The Future of 3D Printers and Sensor Technology at NASA
 

The Future of 3D Printers and Sensor Technology at NASA

By Vaughn College

Unique 3D printed sensor technology may be a real gamechanger in NASA’s future efforts to send humans to the moon and possibly Mars. Recent funding is fueling a much-anticipated program that could potentially make great strides in advancing the way NASA can detect life-sustaining elements in space and even monitor the health and safety of its astronauts.

The world of 3D printing really hits home for Vaughn students and alumni. Vaughn College is at the forefront of 3D printing technology, thanks to a 3D prototyping innovation center that was launched just a few years ago. It is equipped with 15 3D printers and two 3D scanners to provide students with hands-on opportunities to transform their concepts into physical objects.

What is 3D printed sensory technology?

Think of the way a printer uses ink to print things such as newspapers, for example. Now, take that principle and add amazing innovations where the ink is replaced with nanomaterials―such as carbon nanotubes and graphene―and applying them, layer-by-layer, onto a substrate to create miniature sensors.

The result is a set of highly sensitive tiny powerhouses that are lightweight, can withstand radiation and require less power, thus keeping them stable in extreme conditions. This 3D printer could produce these tiny platforms that may someday be sent on planetary rovers for further exploration in search of life throughout the solar system.

Vaughn Alumni, Jade Kukula ’07, who earned her bachelor of science in mechanical engineering, is no stranger to 3D printers. She studied “swarm robotics” for her bachelor’s degree project. The term “swarm robots” refers to a coordination of multiple robots that can communicate with one another. Right out of college, she took her learnings from Vaughn and applied them to the Hubble Space Telescope team, where she became responsible for maintaining the health and safety of the telescopes, as well as related science and engineering data.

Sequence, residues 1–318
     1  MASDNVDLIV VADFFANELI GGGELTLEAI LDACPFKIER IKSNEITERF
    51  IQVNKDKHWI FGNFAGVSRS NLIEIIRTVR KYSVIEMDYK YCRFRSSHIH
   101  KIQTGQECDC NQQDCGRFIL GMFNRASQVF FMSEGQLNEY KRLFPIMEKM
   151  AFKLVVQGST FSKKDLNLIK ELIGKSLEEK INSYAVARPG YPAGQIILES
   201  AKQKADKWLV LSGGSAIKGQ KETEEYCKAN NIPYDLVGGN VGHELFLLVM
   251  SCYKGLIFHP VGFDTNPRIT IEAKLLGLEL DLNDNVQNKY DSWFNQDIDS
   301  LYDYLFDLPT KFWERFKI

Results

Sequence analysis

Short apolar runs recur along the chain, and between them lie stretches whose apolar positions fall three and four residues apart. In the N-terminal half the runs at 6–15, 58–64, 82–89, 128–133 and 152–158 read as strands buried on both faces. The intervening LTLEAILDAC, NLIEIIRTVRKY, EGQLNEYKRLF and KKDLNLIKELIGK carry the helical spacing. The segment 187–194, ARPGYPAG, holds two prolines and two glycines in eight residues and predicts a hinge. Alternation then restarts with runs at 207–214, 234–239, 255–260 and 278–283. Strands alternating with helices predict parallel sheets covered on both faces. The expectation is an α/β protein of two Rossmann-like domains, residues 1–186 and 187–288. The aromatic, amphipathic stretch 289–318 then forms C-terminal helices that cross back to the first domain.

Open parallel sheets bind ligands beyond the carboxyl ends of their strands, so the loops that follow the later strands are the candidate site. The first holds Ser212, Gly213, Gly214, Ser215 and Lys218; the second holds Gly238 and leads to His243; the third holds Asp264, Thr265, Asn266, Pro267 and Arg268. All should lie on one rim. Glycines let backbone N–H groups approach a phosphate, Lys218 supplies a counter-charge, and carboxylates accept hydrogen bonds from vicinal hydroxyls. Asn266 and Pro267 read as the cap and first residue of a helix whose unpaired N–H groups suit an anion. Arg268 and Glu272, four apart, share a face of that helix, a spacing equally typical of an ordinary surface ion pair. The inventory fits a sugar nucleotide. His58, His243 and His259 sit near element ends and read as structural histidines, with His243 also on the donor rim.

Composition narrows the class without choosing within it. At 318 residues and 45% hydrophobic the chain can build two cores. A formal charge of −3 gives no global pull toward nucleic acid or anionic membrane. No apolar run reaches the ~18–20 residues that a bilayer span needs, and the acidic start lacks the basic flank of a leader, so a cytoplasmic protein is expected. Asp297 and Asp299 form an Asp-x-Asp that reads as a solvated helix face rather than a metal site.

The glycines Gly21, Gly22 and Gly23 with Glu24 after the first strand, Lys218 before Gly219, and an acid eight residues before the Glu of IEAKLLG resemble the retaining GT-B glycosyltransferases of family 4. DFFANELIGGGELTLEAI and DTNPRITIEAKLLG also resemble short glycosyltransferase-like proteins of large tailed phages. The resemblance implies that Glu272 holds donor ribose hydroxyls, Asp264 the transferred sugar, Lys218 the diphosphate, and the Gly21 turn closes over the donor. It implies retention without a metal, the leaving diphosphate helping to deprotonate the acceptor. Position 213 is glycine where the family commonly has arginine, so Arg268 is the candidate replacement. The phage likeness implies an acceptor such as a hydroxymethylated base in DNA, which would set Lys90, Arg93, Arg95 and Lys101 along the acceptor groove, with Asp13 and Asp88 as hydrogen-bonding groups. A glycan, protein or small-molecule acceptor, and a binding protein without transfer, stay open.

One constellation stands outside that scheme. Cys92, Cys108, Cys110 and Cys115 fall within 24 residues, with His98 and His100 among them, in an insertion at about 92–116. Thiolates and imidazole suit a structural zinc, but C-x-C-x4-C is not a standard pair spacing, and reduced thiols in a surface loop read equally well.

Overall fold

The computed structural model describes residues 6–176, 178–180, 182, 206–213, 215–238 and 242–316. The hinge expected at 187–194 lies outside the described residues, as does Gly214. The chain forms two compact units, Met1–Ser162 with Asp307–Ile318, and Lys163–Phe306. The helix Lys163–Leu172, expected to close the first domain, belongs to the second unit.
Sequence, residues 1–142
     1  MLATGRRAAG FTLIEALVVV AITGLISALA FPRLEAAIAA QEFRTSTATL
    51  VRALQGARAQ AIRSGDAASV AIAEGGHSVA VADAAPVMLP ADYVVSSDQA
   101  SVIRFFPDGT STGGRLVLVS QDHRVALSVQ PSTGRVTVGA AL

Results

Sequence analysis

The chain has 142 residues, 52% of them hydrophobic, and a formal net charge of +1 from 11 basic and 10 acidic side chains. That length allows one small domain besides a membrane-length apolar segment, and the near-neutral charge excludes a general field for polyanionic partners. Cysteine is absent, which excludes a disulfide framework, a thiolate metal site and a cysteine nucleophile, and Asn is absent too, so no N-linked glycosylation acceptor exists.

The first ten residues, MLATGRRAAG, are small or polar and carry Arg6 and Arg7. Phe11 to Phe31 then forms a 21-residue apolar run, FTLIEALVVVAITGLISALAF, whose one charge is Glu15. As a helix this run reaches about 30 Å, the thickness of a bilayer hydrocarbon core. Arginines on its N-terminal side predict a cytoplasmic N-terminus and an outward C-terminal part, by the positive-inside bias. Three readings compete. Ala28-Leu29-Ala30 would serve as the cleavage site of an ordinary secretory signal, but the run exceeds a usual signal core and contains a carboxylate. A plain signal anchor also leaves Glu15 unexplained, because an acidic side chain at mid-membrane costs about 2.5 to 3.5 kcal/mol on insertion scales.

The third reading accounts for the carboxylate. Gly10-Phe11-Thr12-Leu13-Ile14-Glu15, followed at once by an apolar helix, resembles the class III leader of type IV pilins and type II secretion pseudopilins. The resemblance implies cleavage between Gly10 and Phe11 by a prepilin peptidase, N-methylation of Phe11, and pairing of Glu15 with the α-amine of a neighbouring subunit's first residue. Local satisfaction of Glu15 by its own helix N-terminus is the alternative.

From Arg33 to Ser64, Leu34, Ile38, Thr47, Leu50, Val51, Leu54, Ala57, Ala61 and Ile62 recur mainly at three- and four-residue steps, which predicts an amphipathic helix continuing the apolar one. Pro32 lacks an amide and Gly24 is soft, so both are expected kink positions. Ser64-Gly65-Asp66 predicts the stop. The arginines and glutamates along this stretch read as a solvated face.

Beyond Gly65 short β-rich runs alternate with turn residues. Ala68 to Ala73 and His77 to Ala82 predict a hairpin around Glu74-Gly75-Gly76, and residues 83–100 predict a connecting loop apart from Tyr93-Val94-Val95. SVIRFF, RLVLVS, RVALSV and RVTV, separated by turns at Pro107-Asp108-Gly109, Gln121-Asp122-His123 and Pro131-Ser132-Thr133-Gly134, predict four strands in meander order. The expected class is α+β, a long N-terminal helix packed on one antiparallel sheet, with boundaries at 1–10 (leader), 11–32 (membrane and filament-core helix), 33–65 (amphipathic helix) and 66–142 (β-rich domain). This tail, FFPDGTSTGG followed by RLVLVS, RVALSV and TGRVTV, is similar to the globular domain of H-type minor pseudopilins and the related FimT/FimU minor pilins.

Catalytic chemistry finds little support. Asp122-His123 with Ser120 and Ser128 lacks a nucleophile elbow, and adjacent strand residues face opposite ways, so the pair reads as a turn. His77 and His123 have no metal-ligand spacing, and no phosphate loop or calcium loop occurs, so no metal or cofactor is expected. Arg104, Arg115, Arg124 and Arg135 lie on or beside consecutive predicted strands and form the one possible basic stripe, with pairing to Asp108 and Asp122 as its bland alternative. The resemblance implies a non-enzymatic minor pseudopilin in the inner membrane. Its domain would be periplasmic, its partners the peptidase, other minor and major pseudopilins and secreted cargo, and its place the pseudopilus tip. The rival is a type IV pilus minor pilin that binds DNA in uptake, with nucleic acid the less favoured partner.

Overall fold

Making it happen

NASA engineer Mahmooda Sultana won a $2 million technology development award funded by NASA’s Space Technology Mission Directorate’s (STMD) Early Career Initiative (ECI) to further develop the nanomaterial-based detector platform. As reported by Lori Keesey of NASA’s Goddard Space Flight Center, this potentially revolutionary sensor technology stems from a self-contained platform, measuring only two-by-three inches, that is capable of sensing minute concentrations of gases, vapor, atmospheric pressure and temperature. Additionally, this platform would then transmit the data via a wireless antenna. Pretty cool, right?

For the next two years, Sultana and her team at NASA’s Goddard Space Flight Center in Greenbelt, Maryland, will be working on this amazing program. They will design the sensor platform to determine the best combination of materials to achieve parts-per-billion concentrations of water, ammonia, methane and hydrogen. Northeastern University will then take Sultana’s design and use the 3D printing system to complete the process, simplifying the integration and packaging process.

Up until now, sensors were built one at a time and then integrated into other components. The advent of 3D printing will change that by allowing technicians to print a suite of sensors on one platform.

Interested in pursuing an engineering and technology career?

Vaughn offers a wide range of associate and bachelor’s degrees to prepare you for an exciting career in engineering, technology, management or aviation, that will set you apart from the competition. Here are a few of the majors offered at Vaughn which provide students with a rigorous and comprehensive course of study to enable them to become successful in their chosen fields.